Accused Geiger Murderer Lettsome Faces Life in Jail — or Minimum of Five Years

Renell Lettsome, the sole suspect arrested in relation to the October 29 murder of David Geiger who remains in custody, faces life in prison if convicted of first degree murder, the most serious of the 12 criminal charges against him.

If convicted of second degree murder, the second highest of the six crimes he is charged with in addition to six related weapons charges, the Coral Bay man faces a minimum of five years in prison.

Lettsome, 21, is accused of bludgeoning the St. John businessman David Geiger to death and severely beating his teenage son, Nathan, before setting their Estate Grunwald home on fire with both victims still inside to cover up the crime.

Lettsome Faces 12 Criminal Counts
Lettsome faces charges of murder in the first degree; use of a dangerous weapon during a first degree murder; second degree murder; use of a dangerous weapon during a second degree murder; attempted murder in the first degree; use of a dangerous weapon during an attempted first degree murder; first degree assault; use of a dangerous weapon during a first degree assault; third degree assault; use of a dangerous weapon during a third degree assault; arson in the first degree; and use of a dangerous weapon during a first degree arson.

If convicted of first degree murder and given the maximum penalty, Lettsome could be sentenced to life in prison without the possibility of parole.

Second degree murder carries a minimum penalty of five years to “whatever the judge decides,” according to Ernest Bason, chief of the criminal division of the V.I. Attorney General’s office for St. Thomas and St. John.

“The judge could sentence him to hundreds of years in jail for the second degree murder,” he said.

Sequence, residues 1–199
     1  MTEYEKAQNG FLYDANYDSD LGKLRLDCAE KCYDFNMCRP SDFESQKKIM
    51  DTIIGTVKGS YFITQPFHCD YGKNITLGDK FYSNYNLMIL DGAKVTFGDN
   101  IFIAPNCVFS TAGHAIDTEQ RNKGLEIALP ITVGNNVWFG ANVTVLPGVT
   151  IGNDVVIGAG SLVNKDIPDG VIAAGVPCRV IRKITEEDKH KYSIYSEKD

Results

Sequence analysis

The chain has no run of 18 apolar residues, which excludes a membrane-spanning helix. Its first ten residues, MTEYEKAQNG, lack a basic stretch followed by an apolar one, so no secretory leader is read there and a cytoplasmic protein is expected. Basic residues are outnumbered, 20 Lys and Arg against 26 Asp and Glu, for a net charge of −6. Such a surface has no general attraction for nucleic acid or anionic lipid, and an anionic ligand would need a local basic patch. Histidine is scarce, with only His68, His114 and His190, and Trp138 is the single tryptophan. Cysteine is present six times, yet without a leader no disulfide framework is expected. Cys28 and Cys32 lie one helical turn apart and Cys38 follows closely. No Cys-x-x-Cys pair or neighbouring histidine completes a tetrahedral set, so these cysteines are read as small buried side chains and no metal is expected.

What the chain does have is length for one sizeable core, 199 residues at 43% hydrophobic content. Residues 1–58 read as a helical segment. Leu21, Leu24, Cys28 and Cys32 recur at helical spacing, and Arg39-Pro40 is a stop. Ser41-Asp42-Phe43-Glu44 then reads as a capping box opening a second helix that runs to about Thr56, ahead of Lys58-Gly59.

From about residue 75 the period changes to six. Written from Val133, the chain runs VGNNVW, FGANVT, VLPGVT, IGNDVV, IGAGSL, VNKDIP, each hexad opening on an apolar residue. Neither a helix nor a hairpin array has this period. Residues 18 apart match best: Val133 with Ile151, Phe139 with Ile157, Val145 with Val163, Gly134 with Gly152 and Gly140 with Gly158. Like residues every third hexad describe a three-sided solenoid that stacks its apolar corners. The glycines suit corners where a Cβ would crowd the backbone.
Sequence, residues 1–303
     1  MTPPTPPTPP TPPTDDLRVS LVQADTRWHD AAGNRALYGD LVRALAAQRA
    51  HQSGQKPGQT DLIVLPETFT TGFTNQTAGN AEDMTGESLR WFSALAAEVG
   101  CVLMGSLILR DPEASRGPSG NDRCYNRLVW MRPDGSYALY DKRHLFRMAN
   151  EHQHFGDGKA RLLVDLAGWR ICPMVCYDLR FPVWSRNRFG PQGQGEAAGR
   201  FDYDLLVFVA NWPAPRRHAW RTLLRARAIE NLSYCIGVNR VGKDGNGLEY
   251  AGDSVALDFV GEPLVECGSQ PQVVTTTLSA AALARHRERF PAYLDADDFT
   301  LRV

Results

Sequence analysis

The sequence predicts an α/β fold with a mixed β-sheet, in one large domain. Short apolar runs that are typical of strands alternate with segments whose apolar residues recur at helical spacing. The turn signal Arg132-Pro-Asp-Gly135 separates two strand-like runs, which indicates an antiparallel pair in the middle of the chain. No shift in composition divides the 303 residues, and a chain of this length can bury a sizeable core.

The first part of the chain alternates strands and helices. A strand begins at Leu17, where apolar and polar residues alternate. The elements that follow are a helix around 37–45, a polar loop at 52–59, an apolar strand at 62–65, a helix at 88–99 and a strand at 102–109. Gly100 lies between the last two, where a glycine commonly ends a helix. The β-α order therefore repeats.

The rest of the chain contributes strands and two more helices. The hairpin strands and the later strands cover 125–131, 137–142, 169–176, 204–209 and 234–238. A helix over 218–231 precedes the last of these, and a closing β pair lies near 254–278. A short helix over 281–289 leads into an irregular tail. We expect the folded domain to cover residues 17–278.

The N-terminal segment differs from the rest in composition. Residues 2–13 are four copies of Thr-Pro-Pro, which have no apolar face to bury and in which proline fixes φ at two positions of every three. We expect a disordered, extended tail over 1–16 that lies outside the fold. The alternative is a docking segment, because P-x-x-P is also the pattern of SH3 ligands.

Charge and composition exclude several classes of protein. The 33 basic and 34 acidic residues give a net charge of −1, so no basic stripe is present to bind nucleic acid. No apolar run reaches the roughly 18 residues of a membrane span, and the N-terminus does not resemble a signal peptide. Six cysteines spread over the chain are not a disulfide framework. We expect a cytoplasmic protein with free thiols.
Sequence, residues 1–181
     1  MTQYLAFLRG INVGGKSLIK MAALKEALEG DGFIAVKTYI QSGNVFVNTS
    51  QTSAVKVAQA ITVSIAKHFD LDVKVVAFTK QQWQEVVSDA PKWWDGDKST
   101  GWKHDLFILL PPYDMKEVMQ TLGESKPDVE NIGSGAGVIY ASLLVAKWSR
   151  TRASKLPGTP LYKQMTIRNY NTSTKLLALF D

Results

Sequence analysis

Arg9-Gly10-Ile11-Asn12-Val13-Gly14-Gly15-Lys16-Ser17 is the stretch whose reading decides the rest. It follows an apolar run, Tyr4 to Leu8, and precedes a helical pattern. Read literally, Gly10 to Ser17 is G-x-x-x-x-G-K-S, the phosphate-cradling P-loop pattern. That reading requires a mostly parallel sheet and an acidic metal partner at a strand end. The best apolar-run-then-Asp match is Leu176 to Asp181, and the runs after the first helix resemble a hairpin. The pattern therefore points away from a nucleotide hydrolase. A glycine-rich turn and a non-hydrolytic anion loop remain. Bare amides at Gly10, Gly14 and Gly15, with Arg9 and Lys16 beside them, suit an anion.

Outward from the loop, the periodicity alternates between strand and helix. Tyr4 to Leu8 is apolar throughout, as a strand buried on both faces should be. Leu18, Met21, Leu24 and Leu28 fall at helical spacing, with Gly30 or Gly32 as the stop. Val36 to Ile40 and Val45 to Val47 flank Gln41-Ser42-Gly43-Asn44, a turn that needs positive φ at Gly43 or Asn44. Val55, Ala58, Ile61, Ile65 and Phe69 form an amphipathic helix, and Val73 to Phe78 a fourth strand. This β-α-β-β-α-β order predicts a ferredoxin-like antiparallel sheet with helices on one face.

Must Win Suppression Hearing
Lettsome was offered a plea deal on Friday, March 17, according to Bason, who would not disclose the details of the plea bargain.

The murder suspect is not expected to accept or reject the deal until after the suppression hearing—which Bason has pledged to win.

“We can’t have Lettsome win the suppression hearing,” said Bason. “I have to do my best job serving the public.”

Attempted murder in the first degree and first degree assault both carry maximum penalties of 15 years. Third degree assault carries a maximum sentence of five years, and the maximum penalty for first degree arson is 20 years.

Additional Years for Weapon
Five additional years can be added to each sentence if Lettsome is convicted of using a dangerous weapon during any of the crimes of which he is accused.

A trial date has not been set, but Lettsome’s attorney filed a motion to suppress the statement he made to V.I. Police Department officers after his arrest.

“This happens regularly,” Bason told St. John Tradewinds in early M arch about the suppression motion. “I knew that it was coming.”

Hollar Schedules Hearing
V.I. Superior Court Judge Brenda Hollar scheduled the suppression hearing for Monday, March 27. After that hearing, Hollar will hear arguments for Bason’s motion to join three of the four cases related to the murder.

Bason filed a motion to join Lettsome’s case to those of Nester Colaire, 18, and Robert Ferguson, 19—who are both charged with attempted murder, arson and being an accessory after the fact. The two men are accused of returning to Geiger’s home with Lettsome and setting the house on fire, leaving the unconscious Nathan inside.

They have both been released from prison, along with Tullius Stewart, who faces charges of grand larceny and possession of stolen property—which occurred at least a week before the murder, attempted murder and arson, according to Bason.

Bason is not attempting to join Stewart’s case to those of Lettsome, Ferguson and Colaire.

Although Hollar was scheduled to hear both the suppression motion and motion to join the cases on Monday, March 27, a decision is not expected for at least two weeks, Bason explained.